This week we are honoring Lucy Thurman, a driving force in the temperance movement.
Lucille Thurman was one of the founding members of the Women’s Christian Temperance Movement (WCTU) in the 1870s and the only African American woman involved in its formation.
Living in Jackson, Michigan during the late 19th century, she lectured on temperance and the power women could wield through the organization. She presided over the National Association of Colored Women’s Clubs as well as African American caucuses within the women’s temperance movement. She worked tirelessly not only for equal treatment of women and reform, but for anti-lynching campaigns and the safety of African American women and girls nationwide.
The steep rise in popularity of the saloon and availability of hard liquor in the 19th century triggered a nationwide alcoholism epidemic. Given that saloons were almost entirely male-only establishments, women and families were impacted by the surge of hard drink. By the 1870s, women began organization in unprecedented numbers for liquor reform and their own protection. As women organized for equal treatment under the law and the right to dictate their own lives, the W.C.T.U was a watershed organization that would shape the women’s rights and voting rights movement in the early 20th century.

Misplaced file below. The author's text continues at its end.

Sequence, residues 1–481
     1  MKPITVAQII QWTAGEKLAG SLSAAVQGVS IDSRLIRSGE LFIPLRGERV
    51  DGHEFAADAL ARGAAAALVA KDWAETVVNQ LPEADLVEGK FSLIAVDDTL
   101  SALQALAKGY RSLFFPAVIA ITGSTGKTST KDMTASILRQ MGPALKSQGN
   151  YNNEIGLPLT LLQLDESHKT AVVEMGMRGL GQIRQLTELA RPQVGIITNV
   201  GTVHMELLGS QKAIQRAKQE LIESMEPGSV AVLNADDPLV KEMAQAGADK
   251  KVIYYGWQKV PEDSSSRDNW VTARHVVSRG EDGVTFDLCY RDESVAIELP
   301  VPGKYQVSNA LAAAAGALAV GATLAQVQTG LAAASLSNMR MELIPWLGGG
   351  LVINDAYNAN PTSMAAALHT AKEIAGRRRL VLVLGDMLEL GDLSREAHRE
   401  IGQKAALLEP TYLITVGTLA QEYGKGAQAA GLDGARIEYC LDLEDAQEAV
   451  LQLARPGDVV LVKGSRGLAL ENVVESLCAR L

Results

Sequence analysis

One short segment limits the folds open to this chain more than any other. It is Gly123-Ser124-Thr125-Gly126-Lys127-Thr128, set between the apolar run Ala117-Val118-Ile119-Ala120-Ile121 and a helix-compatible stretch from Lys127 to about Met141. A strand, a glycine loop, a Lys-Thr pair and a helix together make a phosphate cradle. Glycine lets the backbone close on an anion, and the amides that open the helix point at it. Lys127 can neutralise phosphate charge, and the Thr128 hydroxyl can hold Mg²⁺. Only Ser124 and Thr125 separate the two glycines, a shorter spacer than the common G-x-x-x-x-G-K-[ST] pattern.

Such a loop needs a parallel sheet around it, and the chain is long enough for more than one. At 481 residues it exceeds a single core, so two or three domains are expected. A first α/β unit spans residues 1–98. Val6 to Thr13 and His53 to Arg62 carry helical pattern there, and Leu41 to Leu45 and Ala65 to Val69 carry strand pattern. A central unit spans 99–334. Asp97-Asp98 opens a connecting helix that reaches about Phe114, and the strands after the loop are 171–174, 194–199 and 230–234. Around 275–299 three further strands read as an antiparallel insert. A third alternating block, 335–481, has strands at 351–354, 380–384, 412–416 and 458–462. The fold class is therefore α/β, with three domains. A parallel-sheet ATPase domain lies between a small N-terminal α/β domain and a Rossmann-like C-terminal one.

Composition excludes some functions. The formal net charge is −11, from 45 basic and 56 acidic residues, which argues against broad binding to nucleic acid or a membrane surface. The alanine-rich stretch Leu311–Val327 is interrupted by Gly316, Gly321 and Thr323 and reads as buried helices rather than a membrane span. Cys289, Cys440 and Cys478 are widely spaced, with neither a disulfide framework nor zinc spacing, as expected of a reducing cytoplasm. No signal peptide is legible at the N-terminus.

The temperance movement was an instrumental platform from which 19th and 20th century women like Lucy Thurman could cultivate their own voices and power. Thank you Lucy!
Photograph of Lucy Thurman and WCTU Membership Card belonging to Mrs. Laura Westcott. Both from the permanent collection of Ella Sharp Museum.
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- On March 26, 2021